After all sorts of hand-wringing over the placement of our primary at the useless end of the presidential election cycle, California — the state with the most delegates to give and one of the final six states to award them on June 7 — may very well decide whether Donald Trump is the Republican nominee. That’s a lot of power and responsibility, for Trump and for California.
The New York Times projected Wednesday that if Trump maintains his current level of support in the remaining races, he “would almost certainly secure the nomination.” Not only that, but the projection shows him securing it in California — with this caveat, “If Mr. Trump loses California, he could narrowly miss the delegate cutoff.” Brace yourselves.
Trump is already saying that if he just misses closing the deal and an open convention goes against him there would be “riots” and “problems like you’ve never seen before” and “I wouldn’t lead it, but I think bad things would happen.” So much for him asking supporters to act peacefully as we urged candidates on both sides of the aisle to do this week.
Even as Hillary Clinton solidified her hold on the Democratic nomination Tuesday, Trump remained the clear GOP frontrunner. So will he win the nomination outright by claiming 1,237 of the 2,472 Republican delegates before the party’s Cleveland convention in mid-July?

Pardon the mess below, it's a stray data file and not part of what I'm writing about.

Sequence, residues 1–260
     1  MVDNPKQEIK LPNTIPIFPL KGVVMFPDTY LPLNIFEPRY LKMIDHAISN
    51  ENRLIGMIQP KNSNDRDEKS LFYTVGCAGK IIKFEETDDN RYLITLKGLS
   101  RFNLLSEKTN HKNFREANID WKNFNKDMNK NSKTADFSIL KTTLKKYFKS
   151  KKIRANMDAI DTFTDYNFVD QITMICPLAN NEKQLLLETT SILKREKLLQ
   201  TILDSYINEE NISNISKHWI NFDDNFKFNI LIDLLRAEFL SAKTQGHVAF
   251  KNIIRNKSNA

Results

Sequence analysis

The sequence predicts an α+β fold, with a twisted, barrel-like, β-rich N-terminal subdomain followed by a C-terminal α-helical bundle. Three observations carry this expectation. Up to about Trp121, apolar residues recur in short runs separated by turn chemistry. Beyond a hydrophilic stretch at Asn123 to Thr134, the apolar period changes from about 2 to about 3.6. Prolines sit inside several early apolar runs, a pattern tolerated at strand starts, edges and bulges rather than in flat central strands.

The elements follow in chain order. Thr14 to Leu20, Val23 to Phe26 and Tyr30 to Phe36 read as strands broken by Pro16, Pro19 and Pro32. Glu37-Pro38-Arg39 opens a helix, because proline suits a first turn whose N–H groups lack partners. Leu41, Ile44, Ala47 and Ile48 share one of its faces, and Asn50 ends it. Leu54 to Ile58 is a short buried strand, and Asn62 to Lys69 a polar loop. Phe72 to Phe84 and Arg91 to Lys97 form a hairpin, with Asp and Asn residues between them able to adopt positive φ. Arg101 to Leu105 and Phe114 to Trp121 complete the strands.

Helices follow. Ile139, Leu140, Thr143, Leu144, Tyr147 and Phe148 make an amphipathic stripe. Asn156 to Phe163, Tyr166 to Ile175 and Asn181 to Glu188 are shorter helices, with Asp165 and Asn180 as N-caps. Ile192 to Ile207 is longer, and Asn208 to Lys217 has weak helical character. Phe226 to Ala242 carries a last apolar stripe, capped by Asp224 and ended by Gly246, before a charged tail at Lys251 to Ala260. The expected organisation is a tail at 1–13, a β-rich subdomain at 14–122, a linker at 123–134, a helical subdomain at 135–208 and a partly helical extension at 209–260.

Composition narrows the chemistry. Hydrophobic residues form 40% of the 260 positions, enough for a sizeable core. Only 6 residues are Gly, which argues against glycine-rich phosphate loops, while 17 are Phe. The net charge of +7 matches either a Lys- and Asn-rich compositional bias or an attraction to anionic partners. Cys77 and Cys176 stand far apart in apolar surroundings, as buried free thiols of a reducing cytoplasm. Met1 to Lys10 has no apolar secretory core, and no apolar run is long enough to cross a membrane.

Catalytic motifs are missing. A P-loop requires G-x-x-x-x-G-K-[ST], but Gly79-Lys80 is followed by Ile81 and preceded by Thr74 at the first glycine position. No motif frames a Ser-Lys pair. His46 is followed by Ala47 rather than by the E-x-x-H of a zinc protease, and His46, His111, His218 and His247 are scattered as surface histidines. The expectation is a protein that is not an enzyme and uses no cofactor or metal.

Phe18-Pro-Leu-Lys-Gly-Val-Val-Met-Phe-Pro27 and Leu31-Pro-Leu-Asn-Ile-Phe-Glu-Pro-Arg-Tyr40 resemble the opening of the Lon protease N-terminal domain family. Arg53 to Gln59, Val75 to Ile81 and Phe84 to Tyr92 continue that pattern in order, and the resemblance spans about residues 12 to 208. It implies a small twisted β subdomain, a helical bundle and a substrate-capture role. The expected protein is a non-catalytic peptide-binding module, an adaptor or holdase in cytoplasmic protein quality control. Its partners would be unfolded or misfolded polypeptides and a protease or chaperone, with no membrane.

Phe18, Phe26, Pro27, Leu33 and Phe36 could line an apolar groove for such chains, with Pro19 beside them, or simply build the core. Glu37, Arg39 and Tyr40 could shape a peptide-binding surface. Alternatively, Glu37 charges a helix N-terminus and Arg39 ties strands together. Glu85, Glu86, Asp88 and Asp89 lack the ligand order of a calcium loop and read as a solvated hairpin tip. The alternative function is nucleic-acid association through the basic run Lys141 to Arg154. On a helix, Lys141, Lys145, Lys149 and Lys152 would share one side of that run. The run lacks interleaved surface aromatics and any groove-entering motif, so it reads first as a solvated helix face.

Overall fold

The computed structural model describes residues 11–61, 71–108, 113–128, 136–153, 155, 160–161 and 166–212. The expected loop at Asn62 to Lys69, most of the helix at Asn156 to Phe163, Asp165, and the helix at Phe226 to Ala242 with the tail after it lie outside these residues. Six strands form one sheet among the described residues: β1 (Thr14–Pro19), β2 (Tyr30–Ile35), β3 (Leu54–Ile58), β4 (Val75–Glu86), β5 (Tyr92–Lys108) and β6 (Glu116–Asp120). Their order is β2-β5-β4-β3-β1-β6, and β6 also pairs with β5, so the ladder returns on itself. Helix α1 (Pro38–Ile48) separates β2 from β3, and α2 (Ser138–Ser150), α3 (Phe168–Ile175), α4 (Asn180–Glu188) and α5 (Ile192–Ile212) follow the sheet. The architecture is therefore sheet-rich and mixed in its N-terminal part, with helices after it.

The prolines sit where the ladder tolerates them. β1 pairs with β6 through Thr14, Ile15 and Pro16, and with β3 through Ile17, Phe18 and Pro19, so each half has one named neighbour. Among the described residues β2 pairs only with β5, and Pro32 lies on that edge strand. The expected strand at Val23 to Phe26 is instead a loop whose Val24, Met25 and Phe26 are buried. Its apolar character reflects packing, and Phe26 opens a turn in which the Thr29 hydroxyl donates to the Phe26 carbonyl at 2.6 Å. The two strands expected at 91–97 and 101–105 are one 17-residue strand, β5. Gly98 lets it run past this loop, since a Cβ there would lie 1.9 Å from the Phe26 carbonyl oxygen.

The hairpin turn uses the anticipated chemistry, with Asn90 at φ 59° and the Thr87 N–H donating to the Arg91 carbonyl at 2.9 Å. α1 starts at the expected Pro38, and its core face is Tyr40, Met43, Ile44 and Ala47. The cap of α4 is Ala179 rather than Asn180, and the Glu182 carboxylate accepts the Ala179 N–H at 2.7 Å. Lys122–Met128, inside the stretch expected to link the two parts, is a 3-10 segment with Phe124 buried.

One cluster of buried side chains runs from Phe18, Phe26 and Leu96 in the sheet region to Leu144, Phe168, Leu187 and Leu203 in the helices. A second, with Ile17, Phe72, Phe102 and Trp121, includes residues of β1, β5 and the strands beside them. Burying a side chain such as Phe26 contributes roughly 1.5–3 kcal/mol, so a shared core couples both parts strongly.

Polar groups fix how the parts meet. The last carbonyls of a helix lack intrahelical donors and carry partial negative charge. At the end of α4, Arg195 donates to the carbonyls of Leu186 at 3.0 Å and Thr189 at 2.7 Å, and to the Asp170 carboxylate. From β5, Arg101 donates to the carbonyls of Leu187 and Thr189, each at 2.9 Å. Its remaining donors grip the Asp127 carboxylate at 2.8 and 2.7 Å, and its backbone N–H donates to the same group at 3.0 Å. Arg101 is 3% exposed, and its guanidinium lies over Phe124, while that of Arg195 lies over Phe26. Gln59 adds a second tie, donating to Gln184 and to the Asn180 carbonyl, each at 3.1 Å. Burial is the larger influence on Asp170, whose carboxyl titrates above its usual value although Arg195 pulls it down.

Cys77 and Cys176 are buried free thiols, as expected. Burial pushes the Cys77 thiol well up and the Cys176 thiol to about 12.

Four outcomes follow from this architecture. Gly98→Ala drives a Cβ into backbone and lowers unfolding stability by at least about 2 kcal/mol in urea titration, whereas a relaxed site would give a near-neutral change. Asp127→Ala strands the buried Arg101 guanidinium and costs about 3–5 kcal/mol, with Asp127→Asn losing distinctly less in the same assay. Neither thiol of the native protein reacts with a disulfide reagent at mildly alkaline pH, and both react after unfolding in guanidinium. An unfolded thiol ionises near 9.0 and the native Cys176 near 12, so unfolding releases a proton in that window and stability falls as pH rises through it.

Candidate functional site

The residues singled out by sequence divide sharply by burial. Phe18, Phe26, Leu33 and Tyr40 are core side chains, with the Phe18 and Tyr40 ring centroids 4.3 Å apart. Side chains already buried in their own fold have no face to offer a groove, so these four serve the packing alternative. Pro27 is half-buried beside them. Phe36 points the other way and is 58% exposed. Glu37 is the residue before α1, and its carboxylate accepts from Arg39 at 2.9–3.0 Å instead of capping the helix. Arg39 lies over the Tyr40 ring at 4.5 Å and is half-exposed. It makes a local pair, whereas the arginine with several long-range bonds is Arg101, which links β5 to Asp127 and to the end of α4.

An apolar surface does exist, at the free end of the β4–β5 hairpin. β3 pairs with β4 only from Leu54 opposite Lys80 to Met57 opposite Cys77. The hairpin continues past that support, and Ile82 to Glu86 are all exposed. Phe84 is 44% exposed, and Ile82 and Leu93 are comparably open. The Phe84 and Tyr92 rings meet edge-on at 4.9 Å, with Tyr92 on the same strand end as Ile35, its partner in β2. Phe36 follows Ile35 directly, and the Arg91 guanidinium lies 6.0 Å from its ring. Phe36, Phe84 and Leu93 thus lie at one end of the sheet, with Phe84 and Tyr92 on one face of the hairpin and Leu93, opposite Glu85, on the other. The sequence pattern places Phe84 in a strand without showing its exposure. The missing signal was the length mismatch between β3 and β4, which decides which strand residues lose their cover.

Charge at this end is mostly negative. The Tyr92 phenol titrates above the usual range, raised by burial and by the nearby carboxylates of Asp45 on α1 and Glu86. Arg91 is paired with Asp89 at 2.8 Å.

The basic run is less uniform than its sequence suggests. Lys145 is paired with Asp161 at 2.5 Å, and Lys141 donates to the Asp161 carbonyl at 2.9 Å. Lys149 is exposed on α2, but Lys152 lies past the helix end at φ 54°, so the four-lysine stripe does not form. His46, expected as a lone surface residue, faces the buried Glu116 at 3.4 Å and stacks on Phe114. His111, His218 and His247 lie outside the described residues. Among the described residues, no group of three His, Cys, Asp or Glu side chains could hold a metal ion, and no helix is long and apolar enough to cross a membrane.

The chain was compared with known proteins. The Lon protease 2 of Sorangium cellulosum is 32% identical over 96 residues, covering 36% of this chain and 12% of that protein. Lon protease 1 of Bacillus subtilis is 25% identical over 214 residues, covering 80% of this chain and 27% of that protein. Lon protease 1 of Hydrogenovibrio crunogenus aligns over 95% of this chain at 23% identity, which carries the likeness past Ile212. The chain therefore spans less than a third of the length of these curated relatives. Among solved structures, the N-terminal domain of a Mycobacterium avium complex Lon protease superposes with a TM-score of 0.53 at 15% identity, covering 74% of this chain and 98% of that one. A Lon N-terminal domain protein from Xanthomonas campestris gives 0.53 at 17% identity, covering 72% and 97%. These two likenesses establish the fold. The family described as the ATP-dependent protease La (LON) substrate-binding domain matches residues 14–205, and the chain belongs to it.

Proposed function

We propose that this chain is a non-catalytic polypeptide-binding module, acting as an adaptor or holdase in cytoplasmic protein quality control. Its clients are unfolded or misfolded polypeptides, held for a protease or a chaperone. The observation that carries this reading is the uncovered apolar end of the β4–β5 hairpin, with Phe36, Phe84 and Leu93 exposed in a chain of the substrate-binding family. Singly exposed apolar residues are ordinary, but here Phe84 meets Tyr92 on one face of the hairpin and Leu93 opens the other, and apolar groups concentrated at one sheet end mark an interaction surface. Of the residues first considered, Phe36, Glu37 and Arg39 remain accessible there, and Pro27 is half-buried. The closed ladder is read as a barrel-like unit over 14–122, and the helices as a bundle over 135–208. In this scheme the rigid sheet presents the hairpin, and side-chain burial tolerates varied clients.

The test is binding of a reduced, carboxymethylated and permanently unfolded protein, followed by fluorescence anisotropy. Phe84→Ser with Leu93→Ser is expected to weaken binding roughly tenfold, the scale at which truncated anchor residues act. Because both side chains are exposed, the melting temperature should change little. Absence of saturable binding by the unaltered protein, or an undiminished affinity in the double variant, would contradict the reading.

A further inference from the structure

Trump is more than halfway to the magic number now. Texas Sen. Ted Cruz is about a third of the way there but faces near impossible odds of hitting the necessary target. And Ohio Gov. John Kasich sounds resurgent after winning all of Ohio’s 66 delegates Tuesday.
Where does that leave us? That leaves the establishment candidate, Florida Sen. Marco Rubio, bowing out of the race after Trump trounced him in his home state and Kasich “getting ready to rent a covered wagon” and head west “to California,” despite needing a mathematically impossible 112 percent of the remaining delegates to win the nomination on a first ballot at the Republican convention.
That leaves Trump, Cruz and Kasich thinking about how they might corral sufficient delegates on a potential second or third or — as was needed in 1880 — 36th vote at the GOP convention.
That leaves House Speaker Paul Ryan, 2012 Republican candidate Mitt Romney’s vice presidential pick, denying he’d accept the 2016 GOP nomination, if it were offered to him at the convention. (Ryan, also previously said, of course, that he wouldn’t run for speaker last year.)
And that leaves Ron Nehring, California chairman and national spokesman for the Cruz campaign, crowing. In a post Wednesday on FlashReport, he wrote that 14 of the remaining 22 contests are closed primaries like California’s, meaning only registered Republicans can vote. Four other contests allow independents to vote in the Republican primary and four others allow Democrats to vote for a Republican, if they so choose.
Trump, Nehring notes, has won just six of 16 closed primaries so far and does better when Democrats can vote in GOP primaries.
Will enough California Republicans want a contested convention? Or will they rally around Trump to prevent one? Will any candidate run the table in California, or will results be mixed? The state awards 159 of its 172 GOP delegates by congressional district — three delegates per winner in each of the 53 districts — and 13 to whoever wins the state.
All this is a wonky way of saying you decide. You.
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